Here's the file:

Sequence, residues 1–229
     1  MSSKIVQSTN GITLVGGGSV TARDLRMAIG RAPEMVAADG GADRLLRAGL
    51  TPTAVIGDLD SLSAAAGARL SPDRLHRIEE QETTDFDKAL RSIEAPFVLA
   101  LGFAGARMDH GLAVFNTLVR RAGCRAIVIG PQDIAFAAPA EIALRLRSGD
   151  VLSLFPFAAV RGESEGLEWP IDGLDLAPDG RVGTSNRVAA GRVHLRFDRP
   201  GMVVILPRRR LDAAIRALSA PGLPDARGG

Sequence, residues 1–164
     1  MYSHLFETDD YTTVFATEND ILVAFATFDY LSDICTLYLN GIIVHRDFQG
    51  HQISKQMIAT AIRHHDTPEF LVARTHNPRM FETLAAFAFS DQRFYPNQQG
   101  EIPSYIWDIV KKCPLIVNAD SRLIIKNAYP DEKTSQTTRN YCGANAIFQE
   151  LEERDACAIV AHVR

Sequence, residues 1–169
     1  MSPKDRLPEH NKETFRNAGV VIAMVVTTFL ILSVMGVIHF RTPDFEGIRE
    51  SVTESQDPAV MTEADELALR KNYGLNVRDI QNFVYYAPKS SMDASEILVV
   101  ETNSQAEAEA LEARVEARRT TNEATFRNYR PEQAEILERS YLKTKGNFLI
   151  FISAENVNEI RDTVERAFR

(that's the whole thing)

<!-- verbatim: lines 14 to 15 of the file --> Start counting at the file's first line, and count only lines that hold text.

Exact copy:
    51  SVTESQDPAV MTEADELALR KNYGLNVRDI QNFVYYAPKS SMDASEILVV
   101  ETNSQAEAEA LEARVEARRT TNEATFRNYR PEQAEILERS YLKTKGNFLI